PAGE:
More than 100 Maryland Organizations Call on the Senate to Maintain Virtual Access
- Joanne Antoine (443) 906-0442 Jantoine@commoncause.org
On Monday February 14th, the Maryland Senate will end the public’s ability to provide remote virtual testimony during committee hearings.
More than 100 advocacy organizations are calling for the Senate to continue allowing remote testimony for the remainder of the 2022 General Assembly session. Read the full letter here.
Organizations and leaders across the state are demanding Senate committee hearings continue to allow remote testimony, even if in-person testimony is allowed. If a hybrid is not possible, Common Cause, CASA, NAACP Baltimore, ACLU, and League of Women Voters want to see committee proceedings remain virtual.
“These are the people we most need to hear from – those who have been marginalized by our society,” said Rev. Kobi Little, President of the NAACP Baltimore Branch. “A return to the status quo is a return to a racist, classist system of governance that serves the interest of the wealthy and their corporations.”
“The Jewish sage Hillel taught that we can’t separate ourselves from the community. We appreciate that Speaker Jones has recognized this wisdom in the guidelines she has set for the House of Delegates.” said Molly Amster, Maryland Policy Director & Baltimore Director for Jews United for Justice (JUFJ). “We urge the Senate to acknowledge this truth as well and allow all Marylanders, especially those who can’t come to Annapolis in person, to remain connected to the Senators who are supposed to represent them.”
While Senate President Ferguson has made improvements to Senate protocols, he has refused to continue allowing the public to have the option to remotely participate in committee bill hearings.
“Reverting back to in-person hearings only, without the continuation of a virtual option to testify is a step backward, not forward. Pandemic or not, failure to extend a virtual option only excludes the voices that legislators need to hear the most. Black and brown Marylanders are those who will be impacted the most. The Senate should be maximizing access, not limiting it, to ensure that every voice is heard,” said Cathryn Paul, Government Relations and Public Policy Manager at CASA.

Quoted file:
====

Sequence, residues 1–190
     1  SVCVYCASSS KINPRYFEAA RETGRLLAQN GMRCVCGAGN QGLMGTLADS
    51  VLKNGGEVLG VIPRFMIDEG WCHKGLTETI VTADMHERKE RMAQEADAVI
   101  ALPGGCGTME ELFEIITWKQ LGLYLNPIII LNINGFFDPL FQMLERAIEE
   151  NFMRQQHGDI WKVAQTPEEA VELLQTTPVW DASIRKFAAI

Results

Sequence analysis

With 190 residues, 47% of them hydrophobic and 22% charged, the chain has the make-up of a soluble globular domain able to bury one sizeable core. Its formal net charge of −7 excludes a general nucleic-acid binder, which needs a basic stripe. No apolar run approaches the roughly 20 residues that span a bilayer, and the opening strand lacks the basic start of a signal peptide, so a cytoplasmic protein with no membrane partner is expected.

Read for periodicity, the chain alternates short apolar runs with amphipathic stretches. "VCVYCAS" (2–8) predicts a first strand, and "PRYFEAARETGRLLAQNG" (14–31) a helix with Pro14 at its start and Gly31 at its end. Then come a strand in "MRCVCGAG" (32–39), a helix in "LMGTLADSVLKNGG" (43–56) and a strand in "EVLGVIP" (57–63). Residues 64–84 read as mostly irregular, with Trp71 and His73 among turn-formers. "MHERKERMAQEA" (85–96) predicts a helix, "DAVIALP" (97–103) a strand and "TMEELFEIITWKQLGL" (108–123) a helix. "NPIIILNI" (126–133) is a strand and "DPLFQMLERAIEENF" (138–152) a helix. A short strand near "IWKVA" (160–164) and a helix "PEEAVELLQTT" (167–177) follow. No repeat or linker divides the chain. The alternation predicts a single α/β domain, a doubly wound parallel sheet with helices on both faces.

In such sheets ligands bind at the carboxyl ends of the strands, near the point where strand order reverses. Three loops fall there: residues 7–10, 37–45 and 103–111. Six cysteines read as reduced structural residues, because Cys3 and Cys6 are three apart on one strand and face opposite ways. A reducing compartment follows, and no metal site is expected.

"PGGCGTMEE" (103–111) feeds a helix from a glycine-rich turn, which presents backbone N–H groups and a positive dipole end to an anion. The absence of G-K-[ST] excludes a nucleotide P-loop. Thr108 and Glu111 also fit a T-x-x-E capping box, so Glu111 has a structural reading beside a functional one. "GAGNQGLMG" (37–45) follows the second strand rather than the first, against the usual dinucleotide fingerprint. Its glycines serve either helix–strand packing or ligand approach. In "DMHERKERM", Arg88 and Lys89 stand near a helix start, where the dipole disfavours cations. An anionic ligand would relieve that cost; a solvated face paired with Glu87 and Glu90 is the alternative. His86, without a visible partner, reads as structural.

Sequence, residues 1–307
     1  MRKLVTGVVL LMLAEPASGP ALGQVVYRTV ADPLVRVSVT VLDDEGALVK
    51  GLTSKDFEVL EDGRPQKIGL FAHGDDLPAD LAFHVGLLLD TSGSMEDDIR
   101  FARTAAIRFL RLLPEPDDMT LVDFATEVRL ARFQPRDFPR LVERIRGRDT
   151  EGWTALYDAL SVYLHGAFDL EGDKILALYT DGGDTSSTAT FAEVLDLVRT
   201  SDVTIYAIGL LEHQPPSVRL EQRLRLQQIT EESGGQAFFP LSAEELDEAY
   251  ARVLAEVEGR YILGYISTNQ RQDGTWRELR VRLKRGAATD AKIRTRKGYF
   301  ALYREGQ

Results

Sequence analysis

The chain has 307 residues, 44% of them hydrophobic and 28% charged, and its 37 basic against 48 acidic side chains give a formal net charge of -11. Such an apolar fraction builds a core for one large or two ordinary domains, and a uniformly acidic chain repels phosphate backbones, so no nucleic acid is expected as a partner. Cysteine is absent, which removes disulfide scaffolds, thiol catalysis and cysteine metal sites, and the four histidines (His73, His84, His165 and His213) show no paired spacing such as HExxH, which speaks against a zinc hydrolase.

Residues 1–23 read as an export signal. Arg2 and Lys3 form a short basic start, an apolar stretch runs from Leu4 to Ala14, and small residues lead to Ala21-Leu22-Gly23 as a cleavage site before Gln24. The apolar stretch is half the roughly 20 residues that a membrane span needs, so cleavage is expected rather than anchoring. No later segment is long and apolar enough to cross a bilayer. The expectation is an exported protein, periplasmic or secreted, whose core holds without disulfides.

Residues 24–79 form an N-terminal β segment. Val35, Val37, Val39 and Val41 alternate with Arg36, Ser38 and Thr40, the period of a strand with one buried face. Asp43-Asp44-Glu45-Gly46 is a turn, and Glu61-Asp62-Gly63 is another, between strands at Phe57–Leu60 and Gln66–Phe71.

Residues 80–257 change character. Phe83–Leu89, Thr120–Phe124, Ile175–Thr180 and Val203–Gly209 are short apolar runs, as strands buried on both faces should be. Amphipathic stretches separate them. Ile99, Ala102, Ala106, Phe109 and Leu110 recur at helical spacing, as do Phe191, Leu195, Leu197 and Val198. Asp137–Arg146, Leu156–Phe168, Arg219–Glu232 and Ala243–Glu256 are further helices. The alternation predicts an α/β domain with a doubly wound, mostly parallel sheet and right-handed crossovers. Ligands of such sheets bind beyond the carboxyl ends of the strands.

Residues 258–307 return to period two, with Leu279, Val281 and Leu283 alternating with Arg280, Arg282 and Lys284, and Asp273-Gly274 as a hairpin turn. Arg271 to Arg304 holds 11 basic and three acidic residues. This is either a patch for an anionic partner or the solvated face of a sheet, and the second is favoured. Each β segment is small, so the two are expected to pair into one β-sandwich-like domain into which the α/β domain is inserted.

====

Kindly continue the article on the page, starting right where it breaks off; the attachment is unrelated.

“Removing technology from the Senate process is a setback in government transparency. The Senate has the ability to open government to as many Marylanders as possible, but they have chosen to limit public participation. Our legislative leaders are not thinking about all people.” says Nikki Tyree, Executive Director of LWVMD.
“We now have the opportunity and duty to build on the increased accessibility of the legislative process so that more Marylanders, particularly Black, Indigenous, People of Color and other people who are marginalized, can more easily participate in shaping policies that impact them. The ultimate goal must be to have both in person and virtual access, but if that cannot be fully realized yet, our Senate committee hearings should remain virtual,” says Yanet Amanuel, Interim Public Policy Director for the ACLU of Maryland.
“I’m disappointed and the public should be concerned. You would think new leadership would mean new ideas and ways of doing things in Annapolis but that does not seem to be the case,” said Joanne Antoine, Executive Director of Common Cause Maryland. “This mid-session protocol change in the Senate indicates a larger problem – they plan to go back to doing things like ‘before’ where the people of Maryland have minimal access to work being done on their behalf. The pandemic forced a level of transparency that should have been in place years ago. Let’s learn from the pandemic and put a permanently accessible process in place. That’s what a true democracy looks like and what Marylanders deserve.”
Advocacy organizations urge President Ferguson to reconsider the recently issued protocols and allow the public to continue providing virtual testimony for Senate hearings. View the letter here.